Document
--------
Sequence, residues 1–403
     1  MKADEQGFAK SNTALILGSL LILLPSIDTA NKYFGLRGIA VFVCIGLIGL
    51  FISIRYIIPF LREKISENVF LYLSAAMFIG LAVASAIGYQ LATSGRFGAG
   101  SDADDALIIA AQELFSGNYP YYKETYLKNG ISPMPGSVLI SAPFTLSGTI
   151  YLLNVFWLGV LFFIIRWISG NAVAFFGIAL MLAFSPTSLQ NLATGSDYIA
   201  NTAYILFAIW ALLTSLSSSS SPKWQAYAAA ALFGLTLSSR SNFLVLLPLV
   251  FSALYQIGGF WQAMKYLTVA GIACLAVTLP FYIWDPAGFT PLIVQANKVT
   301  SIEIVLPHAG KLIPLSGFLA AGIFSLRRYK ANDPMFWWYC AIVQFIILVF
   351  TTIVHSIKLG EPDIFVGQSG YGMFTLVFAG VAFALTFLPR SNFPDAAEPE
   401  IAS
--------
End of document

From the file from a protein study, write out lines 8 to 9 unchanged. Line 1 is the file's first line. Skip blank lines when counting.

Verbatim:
   301  SIEIVLPHAG KLIPLSGFLA AGIFSLRRYK ANDPMFWWYC AIVQFIILVF
   351  TTIVHSIKLG EPDIFVGQSG YGMFTLVFAG VAFALTFLPR SNFPDAAEPE